President Mohamed Morsi relents to popular pressure to nullify his decree that put his office beyond judicial oversight. But he refuses to cancel a referendum on a draft constitution.
In a political reversal to calm weeks of unrest, Egyptian President Mohamed Morsi early Sunday rescinded much of last month's decree that expanded his powers and exposed a dangerous divide between the nation's Islamists and the mainly secular opposition.
The announcement reverses most of the declaration the Islamist president issued Nov. 22, including putting his office beyond judicial oversight. The peeling away of that power was a major demand of protesters. But Morsi continued to defy the opposition by refusing to cancel a Dec. 15 referendum on a proposed constitution drafted by an Islamist-dominated assembly.
The turnaround by Morsi, who in a national address Thursday had refused to budge on his decree, was a signal that he wanted to ease tension that has resulted in clashes between his supporters and opposition groups that have left at least six people dead and hundreds injured.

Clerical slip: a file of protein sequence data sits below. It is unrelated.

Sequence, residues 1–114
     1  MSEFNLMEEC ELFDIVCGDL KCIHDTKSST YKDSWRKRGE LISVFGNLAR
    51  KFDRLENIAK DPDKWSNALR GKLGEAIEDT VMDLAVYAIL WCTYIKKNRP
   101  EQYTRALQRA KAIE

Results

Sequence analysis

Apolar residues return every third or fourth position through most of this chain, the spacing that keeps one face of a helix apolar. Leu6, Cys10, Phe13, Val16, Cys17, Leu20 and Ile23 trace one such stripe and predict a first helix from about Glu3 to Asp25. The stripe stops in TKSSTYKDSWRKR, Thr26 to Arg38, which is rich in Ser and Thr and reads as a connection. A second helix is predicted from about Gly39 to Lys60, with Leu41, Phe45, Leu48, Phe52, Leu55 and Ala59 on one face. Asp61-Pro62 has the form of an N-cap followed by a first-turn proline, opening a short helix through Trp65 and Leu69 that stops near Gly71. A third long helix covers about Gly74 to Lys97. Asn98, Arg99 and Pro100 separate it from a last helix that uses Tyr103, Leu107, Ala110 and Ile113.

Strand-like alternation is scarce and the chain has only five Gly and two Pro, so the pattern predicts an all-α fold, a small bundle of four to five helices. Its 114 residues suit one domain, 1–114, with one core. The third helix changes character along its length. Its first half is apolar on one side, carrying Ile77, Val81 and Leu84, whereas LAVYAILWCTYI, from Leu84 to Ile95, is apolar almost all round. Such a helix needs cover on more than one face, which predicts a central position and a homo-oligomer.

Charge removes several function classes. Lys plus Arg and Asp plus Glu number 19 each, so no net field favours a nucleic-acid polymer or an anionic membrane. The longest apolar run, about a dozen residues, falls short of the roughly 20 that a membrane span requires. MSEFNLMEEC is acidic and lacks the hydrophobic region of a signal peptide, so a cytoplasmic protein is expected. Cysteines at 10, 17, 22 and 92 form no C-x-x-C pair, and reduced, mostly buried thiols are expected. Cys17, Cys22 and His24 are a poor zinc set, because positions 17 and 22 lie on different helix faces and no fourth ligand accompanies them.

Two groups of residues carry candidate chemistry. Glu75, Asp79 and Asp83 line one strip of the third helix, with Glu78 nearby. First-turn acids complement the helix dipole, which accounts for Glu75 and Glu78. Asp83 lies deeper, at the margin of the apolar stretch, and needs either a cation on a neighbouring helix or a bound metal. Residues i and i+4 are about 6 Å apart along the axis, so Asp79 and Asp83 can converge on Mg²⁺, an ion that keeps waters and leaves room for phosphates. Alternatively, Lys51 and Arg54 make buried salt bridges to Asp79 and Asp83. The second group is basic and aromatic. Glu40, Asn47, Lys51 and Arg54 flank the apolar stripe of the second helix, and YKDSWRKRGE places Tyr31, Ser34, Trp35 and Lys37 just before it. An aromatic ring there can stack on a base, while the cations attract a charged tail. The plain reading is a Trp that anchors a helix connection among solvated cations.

It was unlikely, however, that reversing the decree but sticking to the referendum vote would appease the tens of thousands of protesters who have marched on his palace in the capital and in cities across Egypt.
"This is not a compromise; the president got all that he wanted," said Bassem Sabry, an activist and writer. "What the Muslim Brotherhood wants [is to] get the constitution rammed through in a quick referendum before anyone gets a chance to properly discuss it."
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SOURCE: The Los Angeles Times
Jeffrey Fleishman and Reem Abdellatif